Over its long, 2,500 year old history, the art of Buddhism has undergone many changes, while staying true, in essence, to the Buddha’s tenets of liberation and compassion. The ways that these changes have manifested themselves are entirely dependent on the ways that different cultures have received and adapted Buddhism over the years. R.M. Woodward’s Buddhism: A Journey Through Art is an excellent visual representation of this process.
Woodward is an artist who is also interested in theological art and especially in Eastern philosophical systems. So, while it isn’t surprising that she should combine these interests in this book, it must be said that trying to band together so many disparate eras of Buddhism and Buddhist art into one package is a daunting task. Woodward manages do so, just about, by dividing the material into six sections: Tantric Buddhism, Gandharan art, depictions of the Buddha, of the Bodhisattvas, of religious officials like bhikshus and arhats, and of religious artefacts.
The photographs of the objects themselves are sourced from 12 museum collections from around the world, with the largest number coming from the Metropolitan Museum of Art, New York. The lay reader of Buddhist art would be hard pressed to otherwise come across the gorgeous objects depicted here, so in that regard, the book represents an excellent introduction to this vast subject. Hopefully, this will usher them towards immersing themselves more deeply in the various eras of Buddhist art, as well as specific cultural depictions, be they from Bengal, or the Kathmandu Valley, or Japan.
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The most fascinating collection of art objects in the book are the ones that relate to Vajrayana, or Tantric Buddhism. It is sometimes called the third yana or vehicle of Buddhism—after Theravada and Mahayana—but in reality it is much more complex.
On one hand it includes a vast body of consecration and meditation (sadhana) practices that arose out of a need to formally ritualise the philosophical tenets of the Mahayana.
At another level, it represents the reality of medieval Asia (especially India), where dominant religions, like Shaivism, Vaishnavism and Buddhism, was adopted by kings and kingdoms to legitimise and further their rule. On a completely different level, Vajrayana represented the most egalitarian and mass-based version of Buddhism yet, making a huge political claim against upper caste hegemony and empowering ordinary people (upasaka), who are given as much importance as religious specialists like monks.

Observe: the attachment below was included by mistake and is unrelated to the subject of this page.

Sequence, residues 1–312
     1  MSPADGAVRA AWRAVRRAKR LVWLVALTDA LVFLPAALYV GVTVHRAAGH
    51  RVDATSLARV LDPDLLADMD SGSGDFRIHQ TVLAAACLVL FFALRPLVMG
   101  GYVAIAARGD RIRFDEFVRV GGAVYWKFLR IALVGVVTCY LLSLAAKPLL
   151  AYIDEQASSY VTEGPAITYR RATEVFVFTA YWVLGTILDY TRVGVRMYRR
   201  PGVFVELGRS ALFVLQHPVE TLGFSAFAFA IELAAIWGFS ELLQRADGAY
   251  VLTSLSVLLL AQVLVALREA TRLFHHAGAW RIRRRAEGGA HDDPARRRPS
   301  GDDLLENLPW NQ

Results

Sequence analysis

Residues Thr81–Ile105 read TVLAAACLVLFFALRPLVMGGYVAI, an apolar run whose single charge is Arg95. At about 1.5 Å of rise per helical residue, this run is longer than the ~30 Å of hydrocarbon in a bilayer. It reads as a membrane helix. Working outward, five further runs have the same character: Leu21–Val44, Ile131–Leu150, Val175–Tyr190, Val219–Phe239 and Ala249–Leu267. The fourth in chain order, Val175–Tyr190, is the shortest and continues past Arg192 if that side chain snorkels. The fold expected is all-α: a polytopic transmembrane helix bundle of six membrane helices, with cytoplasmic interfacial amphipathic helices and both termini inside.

To that end, the rich tapestry of objects here, be they the 12th century miniature painting from Bengal of the tantric goddess Kurukulla, or the 18th century gilt and copper alloy crown worn by a Vajracharya (tantric priest) from Nepal, tell a fascinating story.
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The final phase of Indian Buddhism, from the 8-13th centuries CE, which birthed the majority of Asian Buddhist art styles that we still see today, was vigorously internationalist in nature, with new philosophies and art styles travelling from India to other parts of Asia by maritime and land-based trade routes.
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This is how a fierce Indian tantric meditation and protector deity like Achala could transform into Fudo Myoo, the state protector deity of 14th century imperial Japan. It’s something of a pity that Woodward doesn’t make these connections explicit, but then again, this isn’t a book of art history.
Equally fascinating are the painted depictions of various famous Indian Buddhist monks and siddhas in the book. A 15th century Tibetan painting, for example, depicts two of most important Indian siddhas from eastern India (who have been entirely forgotten in this country): Virupa and Kanha. In this painting, they are depicted as yogis who are a part of the transmission lineage of specific tantric traditions.
What goes unsaid is that they were seminal writers of Buddhist tantras themselves, or the composers of mystical dohas and charjya geetis in the apabhramsa language of eastern India. These songs not only are the foundational texts of modern languages like Bengali, but also mark the beginning of a tradition that includes both Kabir as well as modern-day Bauls of Bengal.
Similarly, a 12th century Tibetan painting of the Bengali monk Atisha Dipankara is fascinating not only because of the fact that the painting was made a mere century or so after his death, but also because the life and career of Atisha encompasses a huge chunk of final centuries of Vajrayana Buddhism in India.
Buddhism: A Journey Through Art is brimming with such echoes and epiphanies, and, given its design and the resplendent works of art it contains, is gorgeous to boot.
- FIRST PUBLISHED04.12.2023 | 04:00 PM IST